Politics: abuse of the Patriot act…

An interesting bit about the PATRIOT act. Apparently, there have not been any cases of it being abused… Which is not to say that it has not been abused, but just that none that have been found so far. Interesting stuff.

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6 responses to “Politics: abuse of the Patriot act…

  1. Some days, I wonder if my parents are kicking themselves in the rear for moving to the U.S. just to have me.

    • Why? I am grateful that mine brought me here every time I turn on CSPAN… (no sarcasm whatsoever, btw…) With all of the ineffeciencies that come with our, largely ignorantm, democracy, I think this is a pretty damn amazing place.

      • Well, when they came here, Russia was still Communist. That, and they were considered religious refugees (I’ve heard that Russia doesn’t look too kindly upon its Jewish population, HA).

        Why am I comparing the two? *sigh* My parents came here for my freedom, as they put it all the time — but what freedom do I have? I’m sure I have more freedom than the Jews in Russia do at the moment, but it’s still extremely constrictive, and while it may be a better environment, it just seems like they were lead on.

      • Do you feel in some way restricted?

        I feel that this country is indeed free. With its boundaries, with its faults, but free nevertheless sometimes to the point of absurdity. And, while I have never experienced any form of ideological oppression save for bullies (thanks to my parents), when I read/hear/watch about past and present Russia and elsewhere, I really can not understand how people can fault US on a global scale. The Patriot Act, for instance – people kicked and screamed – but, without knowing it indepth, it seems that it was never abused (or at least such never became public knowledge), and it probably did save quite a few lives – freedom to me is not being able to do what I want when I want to, but living in a society free of oppression where I can do what I want so long as it doesn’t endanger those around me. By that measure, if they persuade me that there is a need to read my private e-mail to avert a terrorist attack – I won’t object nor would I think this will this infringe on my freedom.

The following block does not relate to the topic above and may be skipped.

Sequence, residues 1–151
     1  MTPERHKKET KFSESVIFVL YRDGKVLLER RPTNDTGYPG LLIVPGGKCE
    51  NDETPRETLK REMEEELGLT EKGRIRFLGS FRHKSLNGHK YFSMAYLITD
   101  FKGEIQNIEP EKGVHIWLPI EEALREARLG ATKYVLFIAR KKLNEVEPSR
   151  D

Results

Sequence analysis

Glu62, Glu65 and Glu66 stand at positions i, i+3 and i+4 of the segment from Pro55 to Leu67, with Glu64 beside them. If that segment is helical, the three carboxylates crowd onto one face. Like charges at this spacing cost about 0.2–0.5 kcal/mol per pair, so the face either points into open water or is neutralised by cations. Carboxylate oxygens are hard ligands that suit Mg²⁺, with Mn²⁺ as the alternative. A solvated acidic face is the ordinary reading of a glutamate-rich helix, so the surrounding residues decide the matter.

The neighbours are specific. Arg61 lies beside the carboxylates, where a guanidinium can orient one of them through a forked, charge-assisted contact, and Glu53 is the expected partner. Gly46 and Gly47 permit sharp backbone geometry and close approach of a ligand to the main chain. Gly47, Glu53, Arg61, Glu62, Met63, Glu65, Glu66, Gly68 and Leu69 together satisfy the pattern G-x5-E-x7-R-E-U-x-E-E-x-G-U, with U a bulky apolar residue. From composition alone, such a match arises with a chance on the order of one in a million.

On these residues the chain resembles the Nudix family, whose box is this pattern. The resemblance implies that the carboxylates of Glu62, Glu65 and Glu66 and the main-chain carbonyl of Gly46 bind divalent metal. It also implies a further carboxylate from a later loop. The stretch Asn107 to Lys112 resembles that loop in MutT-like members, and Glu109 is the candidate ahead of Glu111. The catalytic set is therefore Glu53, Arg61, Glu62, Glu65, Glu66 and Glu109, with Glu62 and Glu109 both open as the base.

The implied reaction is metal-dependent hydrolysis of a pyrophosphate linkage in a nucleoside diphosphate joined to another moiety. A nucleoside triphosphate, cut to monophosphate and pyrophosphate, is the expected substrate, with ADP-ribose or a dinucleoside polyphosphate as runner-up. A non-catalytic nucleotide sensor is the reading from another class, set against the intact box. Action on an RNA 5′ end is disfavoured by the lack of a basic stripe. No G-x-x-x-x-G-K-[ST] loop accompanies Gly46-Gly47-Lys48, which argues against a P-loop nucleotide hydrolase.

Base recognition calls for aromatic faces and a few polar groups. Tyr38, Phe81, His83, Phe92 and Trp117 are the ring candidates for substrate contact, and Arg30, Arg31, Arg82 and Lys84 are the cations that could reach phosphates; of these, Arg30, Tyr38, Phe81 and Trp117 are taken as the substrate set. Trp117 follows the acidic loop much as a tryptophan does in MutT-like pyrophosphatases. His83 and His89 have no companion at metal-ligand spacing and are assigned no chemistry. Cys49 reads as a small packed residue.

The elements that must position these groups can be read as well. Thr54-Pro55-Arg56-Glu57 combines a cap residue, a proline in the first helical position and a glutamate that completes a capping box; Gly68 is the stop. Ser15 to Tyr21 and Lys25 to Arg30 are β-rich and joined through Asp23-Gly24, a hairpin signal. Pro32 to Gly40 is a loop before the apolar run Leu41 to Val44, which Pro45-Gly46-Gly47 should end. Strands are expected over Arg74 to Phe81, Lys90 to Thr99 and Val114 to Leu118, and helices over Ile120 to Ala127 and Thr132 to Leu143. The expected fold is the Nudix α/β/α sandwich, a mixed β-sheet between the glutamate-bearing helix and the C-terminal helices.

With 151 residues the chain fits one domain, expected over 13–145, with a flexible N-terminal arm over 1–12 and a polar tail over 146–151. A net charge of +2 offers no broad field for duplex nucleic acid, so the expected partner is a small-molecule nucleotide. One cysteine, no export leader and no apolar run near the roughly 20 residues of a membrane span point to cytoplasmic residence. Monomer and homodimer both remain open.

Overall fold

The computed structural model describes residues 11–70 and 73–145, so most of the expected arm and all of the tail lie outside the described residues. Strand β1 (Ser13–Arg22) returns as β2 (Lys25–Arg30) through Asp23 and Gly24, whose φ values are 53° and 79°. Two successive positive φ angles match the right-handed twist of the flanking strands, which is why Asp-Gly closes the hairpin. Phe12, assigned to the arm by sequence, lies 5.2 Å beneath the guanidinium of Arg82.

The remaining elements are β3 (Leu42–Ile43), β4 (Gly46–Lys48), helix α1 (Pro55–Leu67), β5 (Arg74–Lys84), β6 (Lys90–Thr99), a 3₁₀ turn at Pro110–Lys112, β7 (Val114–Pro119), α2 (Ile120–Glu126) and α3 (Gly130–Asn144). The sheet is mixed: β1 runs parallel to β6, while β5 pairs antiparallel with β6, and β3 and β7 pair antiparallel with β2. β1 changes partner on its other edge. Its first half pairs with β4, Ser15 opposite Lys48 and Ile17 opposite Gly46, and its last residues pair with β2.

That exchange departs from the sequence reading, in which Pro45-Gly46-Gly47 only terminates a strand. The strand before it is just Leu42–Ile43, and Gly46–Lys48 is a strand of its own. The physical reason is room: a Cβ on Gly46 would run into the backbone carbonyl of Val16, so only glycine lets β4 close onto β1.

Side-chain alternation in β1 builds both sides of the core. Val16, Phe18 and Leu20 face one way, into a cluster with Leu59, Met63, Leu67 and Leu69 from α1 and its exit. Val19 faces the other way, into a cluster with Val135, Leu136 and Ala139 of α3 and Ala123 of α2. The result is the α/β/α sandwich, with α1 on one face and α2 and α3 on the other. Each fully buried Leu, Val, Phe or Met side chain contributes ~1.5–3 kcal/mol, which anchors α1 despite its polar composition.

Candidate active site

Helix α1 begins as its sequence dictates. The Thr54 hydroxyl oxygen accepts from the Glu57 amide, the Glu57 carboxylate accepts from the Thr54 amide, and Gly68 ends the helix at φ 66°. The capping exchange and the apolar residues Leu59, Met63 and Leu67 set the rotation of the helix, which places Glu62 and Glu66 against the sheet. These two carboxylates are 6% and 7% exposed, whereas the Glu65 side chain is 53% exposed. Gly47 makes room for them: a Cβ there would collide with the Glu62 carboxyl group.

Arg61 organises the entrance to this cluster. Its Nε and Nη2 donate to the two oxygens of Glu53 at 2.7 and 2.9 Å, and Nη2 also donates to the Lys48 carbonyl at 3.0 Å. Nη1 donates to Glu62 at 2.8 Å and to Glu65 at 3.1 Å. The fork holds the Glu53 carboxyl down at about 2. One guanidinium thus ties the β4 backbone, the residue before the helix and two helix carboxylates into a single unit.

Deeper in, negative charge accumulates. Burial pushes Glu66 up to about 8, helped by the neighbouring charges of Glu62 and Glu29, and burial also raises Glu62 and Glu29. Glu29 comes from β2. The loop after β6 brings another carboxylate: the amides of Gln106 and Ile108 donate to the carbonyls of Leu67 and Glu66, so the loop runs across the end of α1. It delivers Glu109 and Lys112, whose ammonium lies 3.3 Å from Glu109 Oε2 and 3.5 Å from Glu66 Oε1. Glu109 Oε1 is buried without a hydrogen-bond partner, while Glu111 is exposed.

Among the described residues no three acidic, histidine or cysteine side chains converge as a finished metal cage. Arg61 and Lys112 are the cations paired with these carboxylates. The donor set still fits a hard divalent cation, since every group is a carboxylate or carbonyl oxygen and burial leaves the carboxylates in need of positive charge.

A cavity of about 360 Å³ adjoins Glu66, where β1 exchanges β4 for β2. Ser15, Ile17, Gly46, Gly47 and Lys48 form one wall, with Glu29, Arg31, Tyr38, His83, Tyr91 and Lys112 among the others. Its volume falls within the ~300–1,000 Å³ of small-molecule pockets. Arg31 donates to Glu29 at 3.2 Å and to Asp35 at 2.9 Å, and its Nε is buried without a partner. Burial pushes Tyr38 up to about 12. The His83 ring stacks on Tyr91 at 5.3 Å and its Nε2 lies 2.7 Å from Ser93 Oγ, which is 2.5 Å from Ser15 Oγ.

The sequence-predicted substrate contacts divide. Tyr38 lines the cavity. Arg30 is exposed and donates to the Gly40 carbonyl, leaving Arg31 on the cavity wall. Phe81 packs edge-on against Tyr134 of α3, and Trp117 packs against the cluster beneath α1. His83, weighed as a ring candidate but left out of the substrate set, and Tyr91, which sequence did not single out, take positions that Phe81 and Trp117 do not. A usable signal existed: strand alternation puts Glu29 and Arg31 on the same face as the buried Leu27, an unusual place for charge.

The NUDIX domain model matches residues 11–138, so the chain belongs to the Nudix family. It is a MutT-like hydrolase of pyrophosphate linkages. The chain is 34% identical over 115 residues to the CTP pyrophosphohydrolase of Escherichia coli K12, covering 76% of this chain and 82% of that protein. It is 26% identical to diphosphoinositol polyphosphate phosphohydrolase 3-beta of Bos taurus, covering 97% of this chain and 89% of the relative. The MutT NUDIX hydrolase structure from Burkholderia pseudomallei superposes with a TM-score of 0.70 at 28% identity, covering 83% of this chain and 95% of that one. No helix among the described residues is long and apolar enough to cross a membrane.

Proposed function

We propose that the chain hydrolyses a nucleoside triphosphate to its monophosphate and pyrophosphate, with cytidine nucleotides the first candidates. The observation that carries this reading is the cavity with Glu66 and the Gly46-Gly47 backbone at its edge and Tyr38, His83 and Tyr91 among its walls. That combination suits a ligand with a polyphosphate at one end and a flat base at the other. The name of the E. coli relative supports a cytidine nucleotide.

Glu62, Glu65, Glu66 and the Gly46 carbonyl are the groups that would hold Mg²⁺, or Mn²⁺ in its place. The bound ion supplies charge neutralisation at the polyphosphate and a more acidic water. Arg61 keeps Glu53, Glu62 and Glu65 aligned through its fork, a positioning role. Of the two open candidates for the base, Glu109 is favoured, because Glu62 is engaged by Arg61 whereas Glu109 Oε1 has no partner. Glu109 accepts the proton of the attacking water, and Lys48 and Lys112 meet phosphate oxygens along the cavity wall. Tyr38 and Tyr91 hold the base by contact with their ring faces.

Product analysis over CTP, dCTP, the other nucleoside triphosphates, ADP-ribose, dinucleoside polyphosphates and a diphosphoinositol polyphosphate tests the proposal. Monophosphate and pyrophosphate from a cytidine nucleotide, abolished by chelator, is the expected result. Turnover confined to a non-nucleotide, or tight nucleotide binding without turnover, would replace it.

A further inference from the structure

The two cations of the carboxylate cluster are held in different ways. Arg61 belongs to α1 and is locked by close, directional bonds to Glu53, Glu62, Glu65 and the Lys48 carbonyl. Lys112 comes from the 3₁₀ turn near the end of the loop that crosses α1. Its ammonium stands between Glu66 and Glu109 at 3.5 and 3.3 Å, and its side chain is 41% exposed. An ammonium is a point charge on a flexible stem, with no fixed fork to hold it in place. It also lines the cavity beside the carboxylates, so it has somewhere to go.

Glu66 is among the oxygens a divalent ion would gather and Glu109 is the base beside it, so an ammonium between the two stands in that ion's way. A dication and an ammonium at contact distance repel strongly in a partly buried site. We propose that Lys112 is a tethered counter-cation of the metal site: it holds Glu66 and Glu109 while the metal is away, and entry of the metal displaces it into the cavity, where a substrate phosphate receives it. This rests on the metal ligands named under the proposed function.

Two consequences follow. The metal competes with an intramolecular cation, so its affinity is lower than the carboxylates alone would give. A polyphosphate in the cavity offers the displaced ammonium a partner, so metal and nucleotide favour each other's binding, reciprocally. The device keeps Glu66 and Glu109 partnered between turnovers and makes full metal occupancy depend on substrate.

Am I wrong?

      • I do.

        Have you ever heard the expression, “I love my country but fear my government”? The conspiracies abound, and I feel like the U.S. government doesn’t trust its citizens farther than it can throw them.

        Thanks, I’m not three years old, Mr. President, I can understand that going fast on the highway puts my life in danger — you don’t have to enforce a speed limit and insult my intelligence.

        Seriously. It’s a feeling of the government acting like we need to be babysat. I can’t say what I want to say, for fear of offending someone because the government-controlled media tells people what to think, for example.

      • Speed limit – in a society as diverse as ours, there need to be rules. The sad fact is that if such rules are not enforced, the death rate from accidents would skyrocket, which would make many people unhappy, which would be undemocratic.

        Media – if anything, the net slant is anti-government.

        Freedom of speech – can you give me an examples where freedom of speech is unreasonably influenced by the government?

        I see US as a moderately effective mathematical democracy, where the freedom and democracy sometimes go against each other and must be reconciled – something not always done optimally, but, from what I see, pretty damn well.

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